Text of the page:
Minus the two of the tracks I co-wrote with The Soul Surfers (wicked funk band from Nizhny Novgorodm), musically the writing process was pretty casual. We went in the rehearsal room to jam some ideas, with the mindset to just see what comes out after being away from music for 8 years. Steffen brought the demo recordings back to the studio where we developed the structures and I stuck the vocals and horn lines on. We worked with some great musicians and they were always relaxed and keen to play around and try ideas out. Some of the guys come from a jazz background, so we played with chords more, which in turn gave me lots of scope to play around vocally. Sonically, we mostly stayed away from modern, recording techniques and tracked the instrumentals at Big Noise Studios in Southend-on-Sea, which is an analogue studio. Recording on tape gives the songs some heat and is, in a sense, the glue which sticks my more contemporary style of funk and soul writing to the 60s/70s era. We’ve never been ones to want to reproduce what’s already gone before. We just kinda wave hello at it.

Why choose ‘Ruthless Day’ as the title track?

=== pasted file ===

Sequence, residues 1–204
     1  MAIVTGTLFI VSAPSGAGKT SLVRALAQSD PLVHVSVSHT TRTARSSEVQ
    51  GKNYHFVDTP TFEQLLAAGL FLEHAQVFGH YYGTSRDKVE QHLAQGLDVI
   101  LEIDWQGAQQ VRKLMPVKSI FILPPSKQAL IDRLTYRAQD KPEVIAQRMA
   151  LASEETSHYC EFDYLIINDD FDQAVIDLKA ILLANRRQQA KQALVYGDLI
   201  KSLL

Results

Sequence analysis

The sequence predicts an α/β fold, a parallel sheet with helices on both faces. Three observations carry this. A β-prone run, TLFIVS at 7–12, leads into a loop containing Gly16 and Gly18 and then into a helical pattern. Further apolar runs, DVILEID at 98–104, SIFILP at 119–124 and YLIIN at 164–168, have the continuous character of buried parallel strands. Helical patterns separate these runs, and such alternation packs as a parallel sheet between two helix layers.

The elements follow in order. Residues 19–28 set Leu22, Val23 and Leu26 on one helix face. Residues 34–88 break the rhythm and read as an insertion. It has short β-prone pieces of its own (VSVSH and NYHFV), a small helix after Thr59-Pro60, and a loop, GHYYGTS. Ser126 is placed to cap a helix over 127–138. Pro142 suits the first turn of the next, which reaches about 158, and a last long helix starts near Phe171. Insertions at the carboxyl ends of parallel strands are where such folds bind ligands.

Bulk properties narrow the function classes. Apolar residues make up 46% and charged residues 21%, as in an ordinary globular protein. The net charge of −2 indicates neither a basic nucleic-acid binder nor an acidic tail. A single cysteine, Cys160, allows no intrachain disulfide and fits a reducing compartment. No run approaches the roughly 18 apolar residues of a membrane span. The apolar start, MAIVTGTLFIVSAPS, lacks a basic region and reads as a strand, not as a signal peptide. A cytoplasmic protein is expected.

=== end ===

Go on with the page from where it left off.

‘Ruthless Day’ is a reference to the day I had to hold my hands up and admit I was desperately sick with depression. It was a pivotal moment because at the time, I’d been in Manchester for 18 months looking after my sick mother, had no career and felt like there was very little to live for and that’s when my dear friend and producer thought that getting back into writing songs and hence, giving me a purpose again would give me a positive focus. Depression – whatever the cause, is real. And it’s so important we’ve had such a huge increase in awareness and bother of mental health issues. My friend runs a wonderful project and magazine called Mental Movement Magazine and it’s a great resource for both people suffering with their mental health and friends and family who want to help and understand. Anyway, that day ignited the album’s inception.